• Want to outsmart Traffic? Then get waze

    Date:18 June 2012 Tags:, , ,

    This free smartphone app shows traffic congestion in real-time, so you can avoid it.

    IF YOU COMMUTE BY CAR, chances are you’ve often wondered how long you’re going to be stuck behind the wheel and, if you have the luxury of other options, which would be the best route to take. Well, here’s some good news – the information you require is almost certainly out there and ready to be accessed.

    That’s where Waze comes in. This free app – available for download on nearly every smartphone platform imaginable – collates travel data from commuters’ cellphones to create a picture of how the traffic’s behaving in real-time. This information is then displayed on your phone in an easy-to-digest map form, along with audible prompts.

    Working much like the free online encyclopaedia, Wikipedia, it encourages community involvement, allowing users to input information on accidents, traffic jams, speed cameras, hazards and the like as they are witnessed. Then, because traffic flow is a dynamic beast, it automatically asks fellow drivers passing the flagged scenes to verify whether they still exist, effectively turning them into forum moderators.

    Even if you’re not interested in playing an active contributory role, the mere act of driving means you automatically supply valuable information. Evangelos Gikas, product manager for MiX Telematics, Waze’s local partner, explains: “If you’re travelling along a road with a speed limit of 60 km/h but you’re only driving at 20 km/h, the system automatically registers a problem. This is indicated on the map by highlighting the road in various colours to show the level of congestion, ranging from yellow for light to red for heavy and black for gridlocked.”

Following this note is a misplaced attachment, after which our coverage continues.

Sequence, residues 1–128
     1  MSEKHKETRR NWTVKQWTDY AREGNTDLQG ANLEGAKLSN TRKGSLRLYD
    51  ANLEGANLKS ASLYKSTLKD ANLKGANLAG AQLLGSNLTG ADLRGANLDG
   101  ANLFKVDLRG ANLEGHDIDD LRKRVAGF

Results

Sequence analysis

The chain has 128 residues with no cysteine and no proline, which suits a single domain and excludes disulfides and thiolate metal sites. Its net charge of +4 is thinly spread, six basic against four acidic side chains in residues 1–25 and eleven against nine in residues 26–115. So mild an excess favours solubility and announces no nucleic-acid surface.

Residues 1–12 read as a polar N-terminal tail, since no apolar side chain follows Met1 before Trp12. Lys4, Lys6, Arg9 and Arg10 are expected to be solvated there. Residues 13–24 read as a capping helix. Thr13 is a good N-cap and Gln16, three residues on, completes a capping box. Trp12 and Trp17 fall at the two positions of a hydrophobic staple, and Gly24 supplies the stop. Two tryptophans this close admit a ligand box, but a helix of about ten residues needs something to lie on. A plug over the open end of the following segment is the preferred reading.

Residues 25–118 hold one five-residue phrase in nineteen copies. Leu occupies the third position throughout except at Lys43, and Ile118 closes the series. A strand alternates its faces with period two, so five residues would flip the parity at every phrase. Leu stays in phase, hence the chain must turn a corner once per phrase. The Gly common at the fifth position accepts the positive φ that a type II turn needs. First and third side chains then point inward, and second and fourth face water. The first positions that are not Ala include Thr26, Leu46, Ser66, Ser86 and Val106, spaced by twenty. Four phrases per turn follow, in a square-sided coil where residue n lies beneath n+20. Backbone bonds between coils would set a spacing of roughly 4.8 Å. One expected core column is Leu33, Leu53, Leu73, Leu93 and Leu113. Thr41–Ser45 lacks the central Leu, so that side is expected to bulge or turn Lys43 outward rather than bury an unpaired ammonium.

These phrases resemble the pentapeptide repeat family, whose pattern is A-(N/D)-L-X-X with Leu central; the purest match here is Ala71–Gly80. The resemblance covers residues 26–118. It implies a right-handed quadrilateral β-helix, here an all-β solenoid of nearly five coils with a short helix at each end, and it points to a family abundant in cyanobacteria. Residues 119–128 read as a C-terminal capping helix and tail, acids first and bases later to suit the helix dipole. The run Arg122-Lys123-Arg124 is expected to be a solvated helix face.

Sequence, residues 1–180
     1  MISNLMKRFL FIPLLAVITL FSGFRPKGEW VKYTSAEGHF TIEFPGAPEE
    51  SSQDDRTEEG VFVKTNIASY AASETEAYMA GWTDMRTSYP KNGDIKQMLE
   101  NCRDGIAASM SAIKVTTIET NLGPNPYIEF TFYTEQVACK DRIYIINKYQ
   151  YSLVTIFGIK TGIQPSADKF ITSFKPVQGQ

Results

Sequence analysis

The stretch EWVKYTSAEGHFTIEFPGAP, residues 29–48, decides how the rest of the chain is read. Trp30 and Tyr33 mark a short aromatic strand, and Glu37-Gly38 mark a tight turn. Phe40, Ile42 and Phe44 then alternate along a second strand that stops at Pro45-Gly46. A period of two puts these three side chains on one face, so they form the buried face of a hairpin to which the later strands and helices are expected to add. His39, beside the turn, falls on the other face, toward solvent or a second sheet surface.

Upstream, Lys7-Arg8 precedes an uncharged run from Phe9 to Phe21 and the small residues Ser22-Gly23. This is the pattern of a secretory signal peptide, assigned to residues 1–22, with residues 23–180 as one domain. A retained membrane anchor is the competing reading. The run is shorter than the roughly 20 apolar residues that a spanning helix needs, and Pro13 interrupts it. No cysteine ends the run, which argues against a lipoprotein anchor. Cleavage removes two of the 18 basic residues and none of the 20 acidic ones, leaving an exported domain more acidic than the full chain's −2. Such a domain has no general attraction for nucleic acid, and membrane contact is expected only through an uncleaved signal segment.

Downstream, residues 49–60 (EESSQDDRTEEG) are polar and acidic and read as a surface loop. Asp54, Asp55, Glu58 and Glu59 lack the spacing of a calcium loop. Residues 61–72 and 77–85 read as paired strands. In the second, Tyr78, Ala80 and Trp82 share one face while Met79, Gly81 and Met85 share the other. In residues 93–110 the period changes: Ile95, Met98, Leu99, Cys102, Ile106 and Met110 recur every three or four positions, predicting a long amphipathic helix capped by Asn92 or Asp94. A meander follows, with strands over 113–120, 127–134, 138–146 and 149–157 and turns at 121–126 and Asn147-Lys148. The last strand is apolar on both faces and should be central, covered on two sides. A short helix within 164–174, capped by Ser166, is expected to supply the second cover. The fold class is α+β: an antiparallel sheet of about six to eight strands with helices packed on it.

Taking on an active role requires more involvement, but it’s by no means an inconvenience. When you witness something relevant, all you need do is hit the icon on your screen and a menu appears, providing you with various pictorial options. The icons then appear on the map for everyone else to see. Gikas elaborates: “You can also type in more detailed messages if you like, but because typing while driving is extremely dangerous, the keyboard function is only activated once you’re stationary.” When you pass a flagged location, a window appears and asks you if it’s still there or not; all that’s required is for you to tap a simple yes or no.

    When Gikas took me for a drive into Cape Town from our Pinelands office to demonstrate Waze, I was duly impressed. As we approached the notorious Hospital Bend on the N2, an icon appeared, indicating a hazard. Then, about 200 m ahead, we saw it – a vehicle parked inside the yellow lane. At the same time, I could clearly see which roads were highlighted in red and best avoided. Works for me. – SW

    For more information, visit http://www.waze.com/

    ‘One machine can do the work of 50 ordinary men. No machine can do the work of one extraordinary man.’ – Elbert Hubbard